Chloé Trevor, an esteemed violinist, appeared with The Boulder Chamber Orchestra in a mashup of Antonio Vivaldi’s and Astor Piazzolla’s “The Four Seasons” on Dec. 1 at the Boulder Seventh-Day Adventist Church.
Led by charismatic conductor Bahman Saless, the Boulder Chamber Orchestra opened the concert with the 1877 Suite for String Orchestra by Leoš Janáček, a Czech composer.
The suite began with a dark, dramatic melody. Followed by a playful plucked line on the double basses, the melody on the violins soon became light and airy. The composition was graceful and self-assured, yet it sometimes lacked musical depth. Although beautiful, the piece was mostly predictable, with few unforeseen moments.
The second half of the program featured Chloé Trevor, an acclaimed virtuoso violinist. Trevor has already created an impressive international career by the age of 31. She has performed as a soloist with orchestras around the world, from the Hong Kong Sinfonettia to the Latvian Chamber Orchestra to Brazil’s San Paolo Symphony Orchestra.
Trevor began studying violin with her mother, a Dallas Symphony violinist, at the age of 2. A child prodigy, she first began appearing with orchestras in 2000 when she was only 13 years old. She won the grand prize in two renowned competitions, the Lynn Harrell Competition and the Lennox International Competition, while still a teenager.
A 21st-century musical entrepreneur, she has created her own summer music academy for young musicians and has a significant following on social media, including 159,000 followers on Instagram, a large fan base for a classical musician.
The buzz about Trevor is justified. Trevor is an animated, expressive player, at ease in the spotlight and able to draw a multitude of contrasting colors from her 18th-century violin.
In the mash-up, Trevor and the Boulder Chamber Orchestra juxtaposed Vivaldi’s “The Four Seasons” with Piazzolla’s homage to the former work, “The Four Seasons of Buenos Aires.” Written nearly 250 years after Vivaldi’s classic work, Piazzolla’s tangos illuminate the vivacious, dynamic culture of Argentina’s capital city during the year. The mashup traveled through the four seasons, with one season from Vivaldi and then one season from Piazzolla. Although not a true “mashup” in the contemporary context, the combination allowed the audience to see how more than two centuries had completely transformed the face of the composition.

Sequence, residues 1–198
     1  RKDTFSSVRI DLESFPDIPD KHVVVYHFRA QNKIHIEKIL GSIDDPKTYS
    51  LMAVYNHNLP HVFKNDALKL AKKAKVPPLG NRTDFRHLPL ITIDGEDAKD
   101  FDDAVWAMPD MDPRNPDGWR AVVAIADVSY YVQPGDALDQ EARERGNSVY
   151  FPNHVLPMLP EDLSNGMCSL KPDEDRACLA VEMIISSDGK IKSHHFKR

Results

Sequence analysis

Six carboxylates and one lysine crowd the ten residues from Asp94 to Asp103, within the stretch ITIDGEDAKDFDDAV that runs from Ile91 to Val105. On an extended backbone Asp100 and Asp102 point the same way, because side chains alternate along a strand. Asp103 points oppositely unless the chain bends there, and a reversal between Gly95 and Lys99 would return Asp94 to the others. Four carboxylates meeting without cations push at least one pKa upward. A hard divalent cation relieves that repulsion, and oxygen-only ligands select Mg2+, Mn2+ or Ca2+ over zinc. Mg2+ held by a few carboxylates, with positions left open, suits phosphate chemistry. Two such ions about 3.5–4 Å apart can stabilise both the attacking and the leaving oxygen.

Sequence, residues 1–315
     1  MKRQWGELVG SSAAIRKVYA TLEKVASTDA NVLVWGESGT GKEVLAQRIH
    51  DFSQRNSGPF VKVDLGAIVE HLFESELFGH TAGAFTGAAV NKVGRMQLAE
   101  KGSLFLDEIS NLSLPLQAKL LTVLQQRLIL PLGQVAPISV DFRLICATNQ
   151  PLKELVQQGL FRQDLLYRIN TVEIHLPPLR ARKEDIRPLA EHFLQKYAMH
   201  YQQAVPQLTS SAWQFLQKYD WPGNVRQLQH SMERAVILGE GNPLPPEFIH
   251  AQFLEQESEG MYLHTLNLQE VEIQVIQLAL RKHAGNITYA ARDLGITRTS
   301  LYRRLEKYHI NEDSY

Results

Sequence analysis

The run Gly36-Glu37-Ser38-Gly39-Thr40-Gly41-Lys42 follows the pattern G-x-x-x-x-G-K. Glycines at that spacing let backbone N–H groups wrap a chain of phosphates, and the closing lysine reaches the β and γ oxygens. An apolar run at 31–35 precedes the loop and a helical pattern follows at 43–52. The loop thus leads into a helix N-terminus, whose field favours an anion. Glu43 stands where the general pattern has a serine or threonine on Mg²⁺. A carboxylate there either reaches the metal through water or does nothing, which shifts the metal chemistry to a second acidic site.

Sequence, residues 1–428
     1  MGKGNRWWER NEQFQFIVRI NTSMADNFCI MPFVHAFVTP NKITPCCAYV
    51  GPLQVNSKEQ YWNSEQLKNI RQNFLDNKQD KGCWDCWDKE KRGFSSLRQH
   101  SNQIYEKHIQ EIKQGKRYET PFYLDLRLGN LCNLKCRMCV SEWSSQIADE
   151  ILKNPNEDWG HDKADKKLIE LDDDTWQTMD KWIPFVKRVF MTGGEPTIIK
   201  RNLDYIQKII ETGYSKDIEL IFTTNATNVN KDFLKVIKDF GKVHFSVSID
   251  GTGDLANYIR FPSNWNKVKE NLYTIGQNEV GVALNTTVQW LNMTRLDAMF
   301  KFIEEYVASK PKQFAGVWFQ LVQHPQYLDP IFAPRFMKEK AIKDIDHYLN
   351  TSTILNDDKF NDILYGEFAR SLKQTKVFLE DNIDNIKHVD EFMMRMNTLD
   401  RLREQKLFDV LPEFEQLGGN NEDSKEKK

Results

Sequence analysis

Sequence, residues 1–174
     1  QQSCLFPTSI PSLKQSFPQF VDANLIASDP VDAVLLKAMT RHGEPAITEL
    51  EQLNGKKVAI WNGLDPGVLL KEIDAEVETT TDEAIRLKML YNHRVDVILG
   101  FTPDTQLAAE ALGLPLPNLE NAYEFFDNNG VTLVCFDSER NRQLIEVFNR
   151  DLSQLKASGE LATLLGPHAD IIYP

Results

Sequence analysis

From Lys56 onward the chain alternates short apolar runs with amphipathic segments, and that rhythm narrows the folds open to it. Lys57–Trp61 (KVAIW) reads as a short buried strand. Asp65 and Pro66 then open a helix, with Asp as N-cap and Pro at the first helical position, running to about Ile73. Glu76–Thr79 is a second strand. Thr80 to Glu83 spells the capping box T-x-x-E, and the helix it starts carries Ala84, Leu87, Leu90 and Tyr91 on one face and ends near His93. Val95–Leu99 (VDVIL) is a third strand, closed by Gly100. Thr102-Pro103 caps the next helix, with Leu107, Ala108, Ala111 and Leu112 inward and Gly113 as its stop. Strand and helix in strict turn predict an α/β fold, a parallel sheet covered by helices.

The quintessential, instantly recognizable spring melody by Vivaldi began the mashup, with Trevor’s wonderful vibrato producing a lyrical, deep melodic line alongside the orchestra and the harpsichord. Next to the predictable harmonies and reserve of the 18th century, Piazolla’s work was eccentric and even shocking to hear. Trevor percussively scratched the strings with her bow, her violin squealing at the high points before melting down in a cool glissando, switching instantaneously between a harsh, metallic and a velvety, seductive tone.
Following a standing ovation and rapturous applause, Trevor played “Scherzo” by Fritz Kreisler. With great elan, she played the fast, fiery piece, her fingers and bow whirring across the strings. When her bow flew off the strings, she quickly bowed and left the stage, the last brilliant notes still ringing in the hushed hall.
Contact CU Independent Arts Writer Isabella Fincher at email@example.com.